Last edited: Feb 12, 2020
  4. Steampunk

    Sgarrista

    Joined: Jun 1, 2013

    Posts: 7,746

    You're not looking at evidence and forecasts and seeing where they lead you. You're cherry-picking, strawmanning and pretty much making stuff up when it suits you in order to justify your emotion-led opinions. You're not reaching conclusions based on evidence, you're choosing made up "evidence" that matches what you've already decided.
     
  5. Btone

    Wise Guy

    Joined: Jan 23, 2003

    Posts: 1,183

    Location: N.I.

    but it just not the lorry driver that will have extra cost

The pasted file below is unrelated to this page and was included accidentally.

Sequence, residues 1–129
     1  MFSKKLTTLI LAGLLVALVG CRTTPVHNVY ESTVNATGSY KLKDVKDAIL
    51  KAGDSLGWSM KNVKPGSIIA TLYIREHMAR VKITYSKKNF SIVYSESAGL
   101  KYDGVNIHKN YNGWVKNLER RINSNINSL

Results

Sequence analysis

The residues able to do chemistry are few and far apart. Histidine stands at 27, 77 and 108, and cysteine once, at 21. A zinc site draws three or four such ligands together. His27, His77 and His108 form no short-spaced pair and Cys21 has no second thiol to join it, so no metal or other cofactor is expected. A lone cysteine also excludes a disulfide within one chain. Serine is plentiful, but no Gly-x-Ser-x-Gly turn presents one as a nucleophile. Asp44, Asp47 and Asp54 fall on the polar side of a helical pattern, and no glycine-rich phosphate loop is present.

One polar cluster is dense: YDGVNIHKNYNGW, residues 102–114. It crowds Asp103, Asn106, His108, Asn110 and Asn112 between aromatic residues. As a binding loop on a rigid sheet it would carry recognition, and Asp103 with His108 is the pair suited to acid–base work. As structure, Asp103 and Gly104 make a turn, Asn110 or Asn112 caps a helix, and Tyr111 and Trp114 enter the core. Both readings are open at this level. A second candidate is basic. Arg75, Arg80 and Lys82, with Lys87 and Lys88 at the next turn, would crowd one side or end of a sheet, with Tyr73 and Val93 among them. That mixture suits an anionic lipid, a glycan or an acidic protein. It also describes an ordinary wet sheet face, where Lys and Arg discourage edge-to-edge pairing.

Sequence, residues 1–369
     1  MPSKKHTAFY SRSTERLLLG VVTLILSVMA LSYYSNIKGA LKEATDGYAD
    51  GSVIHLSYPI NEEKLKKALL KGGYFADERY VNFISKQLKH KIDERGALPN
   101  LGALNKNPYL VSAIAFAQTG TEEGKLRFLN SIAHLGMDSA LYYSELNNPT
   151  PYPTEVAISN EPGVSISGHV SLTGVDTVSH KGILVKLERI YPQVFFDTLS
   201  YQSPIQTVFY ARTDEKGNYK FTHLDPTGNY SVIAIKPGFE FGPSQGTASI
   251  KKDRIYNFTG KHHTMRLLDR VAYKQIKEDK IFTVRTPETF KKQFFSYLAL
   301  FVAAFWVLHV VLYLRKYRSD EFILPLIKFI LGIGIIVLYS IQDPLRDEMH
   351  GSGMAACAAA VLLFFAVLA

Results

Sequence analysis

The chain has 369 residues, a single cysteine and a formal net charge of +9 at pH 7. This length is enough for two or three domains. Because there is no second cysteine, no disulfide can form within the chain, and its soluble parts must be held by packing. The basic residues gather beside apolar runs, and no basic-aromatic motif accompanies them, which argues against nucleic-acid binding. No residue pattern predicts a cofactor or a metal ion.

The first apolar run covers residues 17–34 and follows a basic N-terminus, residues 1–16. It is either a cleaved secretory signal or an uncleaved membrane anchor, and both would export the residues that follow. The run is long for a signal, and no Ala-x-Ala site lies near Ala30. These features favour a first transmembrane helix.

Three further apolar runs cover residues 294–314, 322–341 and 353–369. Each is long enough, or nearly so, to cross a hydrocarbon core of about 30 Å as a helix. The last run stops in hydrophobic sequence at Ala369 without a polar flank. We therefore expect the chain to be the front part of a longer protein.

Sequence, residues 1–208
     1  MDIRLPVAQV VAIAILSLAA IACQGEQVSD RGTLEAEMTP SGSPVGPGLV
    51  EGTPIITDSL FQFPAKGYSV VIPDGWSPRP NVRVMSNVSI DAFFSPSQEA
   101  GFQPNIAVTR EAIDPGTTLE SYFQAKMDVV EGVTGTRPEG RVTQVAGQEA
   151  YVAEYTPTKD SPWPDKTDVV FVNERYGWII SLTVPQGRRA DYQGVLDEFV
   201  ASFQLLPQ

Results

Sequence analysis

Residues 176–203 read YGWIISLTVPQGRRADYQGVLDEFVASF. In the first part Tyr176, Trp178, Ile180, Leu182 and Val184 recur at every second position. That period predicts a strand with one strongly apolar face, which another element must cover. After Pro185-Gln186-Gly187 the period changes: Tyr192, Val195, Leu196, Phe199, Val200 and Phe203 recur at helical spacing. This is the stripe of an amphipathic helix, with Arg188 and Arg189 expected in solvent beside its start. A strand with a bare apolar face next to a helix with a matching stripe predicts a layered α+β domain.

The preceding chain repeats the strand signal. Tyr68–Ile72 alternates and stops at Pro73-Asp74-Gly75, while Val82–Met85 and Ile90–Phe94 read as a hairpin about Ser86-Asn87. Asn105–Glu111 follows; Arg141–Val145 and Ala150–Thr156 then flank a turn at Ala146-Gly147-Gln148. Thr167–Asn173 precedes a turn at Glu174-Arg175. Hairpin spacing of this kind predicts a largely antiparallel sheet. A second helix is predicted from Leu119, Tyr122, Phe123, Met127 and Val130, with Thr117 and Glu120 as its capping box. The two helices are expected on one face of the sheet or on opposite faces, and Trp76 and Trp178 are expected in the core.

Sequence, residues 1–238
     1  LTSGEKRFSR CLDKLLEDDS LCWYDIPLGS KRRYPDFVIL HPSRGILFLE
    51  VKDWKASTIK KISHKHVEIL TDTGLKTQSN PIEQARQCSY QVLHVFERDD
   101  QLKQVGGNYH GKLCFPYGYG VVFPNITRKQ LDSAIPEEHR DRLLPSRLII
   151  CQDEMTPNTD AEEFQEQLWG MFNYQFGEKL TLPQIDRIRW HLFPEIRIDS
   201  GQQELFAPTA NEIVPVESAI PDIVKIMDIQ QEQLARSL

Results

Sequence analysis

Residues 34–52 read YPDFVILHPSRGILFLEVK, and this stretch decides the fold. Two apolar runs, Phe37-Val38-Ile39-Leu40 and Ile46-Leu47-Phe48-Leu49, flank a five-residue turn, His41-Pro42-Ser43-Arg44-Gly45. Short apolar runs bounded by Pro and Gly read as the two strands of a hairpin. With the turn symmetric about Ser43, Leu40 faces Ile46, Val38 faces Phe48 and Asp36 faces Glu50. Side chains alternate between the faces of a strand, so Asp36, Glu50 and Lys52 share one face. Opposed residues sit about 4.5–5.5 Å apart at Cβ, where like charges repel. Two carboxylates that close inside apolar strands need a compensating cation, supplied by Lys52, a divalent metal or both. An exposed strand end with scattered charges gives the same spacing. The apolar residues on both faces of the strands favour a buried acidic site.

off the top of my head there is

    the primary producer
    the primary processor
    the import/exporter
    the haulage
    the retailer
    ??
    each one having to keep records and pay/claim back what ever duties

    then we have 2 taxmen/systems to deal with, and with that accountants that can deal with 2 different tax systems

    and the further we move from EU rules the more paper work will be need to comply with said rules
     
  6. Kermit

    Mobster

    Joined: Oct 27, 2002

    Posts: 2,802

    Location: UK

    There's got to be crossed wires as this is so frustrating that none of you (who all happen to be remainers btw) understand the concept of different as yet undetermined future outcomes?

    Possible doesn't mean something will happen although it equally is doesn't rule it out either.